Filed to Aviation on Jul 14, 2017
On 9th August 1970, a LANSA flight 502 was bound from Cusco to Lima, carrying eight crew and ninety-two passengers. Over half of the passengers belonged to a single group, sponsored by the Buffalo, New York based International Fellowship student exchange program, consisting of 49 American high school exchange students, along with their teachers, family members, and guides. At some point during the takeoff run or initial climb, the number three engine failed and caught fire. The crew continued the takeoff and climb, per standard procedure, using power from the remaining three engines. The plane entered a 30–45 degree bank, then rapidly lost altitude and crashed into hilly terrain.
Only one survived the crash, a 17-years-old girl named Juliane Diller on her way to join her father for Christmas. She was strapped to her plane seat falling through the night air two miles above the Earth. Her survival is unexplainable and considered a modern day miracle. Her mother was among the 91 dead and Juliane the sole survivor. For 11 days she walked alone through the jungle, fighting for her survival, battling hunger and despair, her only companions were maggots as they ate their way into her wounds. Juliane ultimately survives and goes on to live an inspiring life as a scientist continually drawn back to the terrain that threatened to take her life. On the 40th anniversary, she shares not only the private moments of her survival and rescue but her life in the wake of the dramatic true story.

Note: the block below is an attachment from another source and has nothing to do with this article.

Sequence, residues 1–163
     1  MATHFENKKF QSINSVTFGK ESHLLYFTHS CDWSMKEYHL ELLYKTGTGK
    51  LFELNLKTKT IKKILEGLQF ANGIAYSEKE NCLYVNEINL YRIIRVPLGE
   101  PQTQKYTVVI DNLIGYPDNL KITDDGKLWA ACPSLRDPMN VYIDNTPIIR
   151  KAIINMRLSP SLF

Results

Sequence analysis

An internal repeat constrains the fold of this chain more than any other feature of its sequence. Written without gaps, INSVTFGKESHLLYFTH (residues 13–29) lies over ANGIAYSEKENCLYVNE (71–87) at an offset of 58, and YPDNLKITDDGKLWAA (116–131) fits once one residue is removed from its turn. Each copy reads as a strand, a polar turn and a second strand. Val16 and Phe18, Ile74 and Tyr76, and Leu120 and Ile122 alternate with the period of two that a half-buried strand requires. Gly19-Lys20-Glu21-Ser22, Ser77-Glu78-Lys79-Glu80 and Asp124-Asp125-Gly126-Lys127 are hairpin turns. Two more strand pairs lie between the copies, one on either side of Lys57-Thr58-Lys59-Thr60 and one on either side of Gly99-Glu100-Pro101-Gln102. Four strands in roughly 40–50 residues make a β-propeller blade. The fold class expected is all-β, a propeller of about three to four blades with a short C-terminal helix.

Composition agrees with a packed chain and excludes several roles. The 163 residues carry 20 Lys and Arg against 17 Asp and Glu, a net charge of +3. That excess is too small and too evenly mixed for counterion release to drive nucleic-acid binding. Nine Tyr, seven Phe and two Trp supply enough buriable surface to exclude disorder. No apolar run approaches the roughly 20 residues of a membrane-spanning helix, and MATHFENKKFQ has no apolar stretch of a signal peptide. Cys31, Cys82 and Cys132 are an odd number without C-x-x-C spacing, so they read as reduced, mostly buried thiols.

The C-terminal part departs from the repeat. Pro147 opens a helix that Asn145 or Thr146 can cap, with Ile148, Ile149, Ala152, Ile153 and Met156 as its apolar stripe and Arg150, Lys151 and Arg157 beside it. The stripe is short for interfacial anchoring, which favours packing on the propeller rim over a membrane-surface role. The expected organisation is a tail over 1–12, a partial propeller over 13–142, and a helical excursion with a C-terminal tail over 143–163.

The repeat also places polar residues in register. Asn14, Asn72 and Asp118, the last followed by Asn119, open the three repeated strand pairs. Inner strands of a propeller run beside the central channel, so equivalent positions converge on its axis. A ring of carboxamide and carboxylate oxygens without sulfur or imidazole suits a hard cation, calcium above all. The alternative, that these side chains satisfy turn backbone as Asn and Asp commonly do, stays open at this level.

On the 40th anniversary, she shares not only the private moments of her survival and rescue but her life in the wake of the dramatic true story.
The full story of her amazing story and survival are detailed in a book titled When I Fell From The Sky.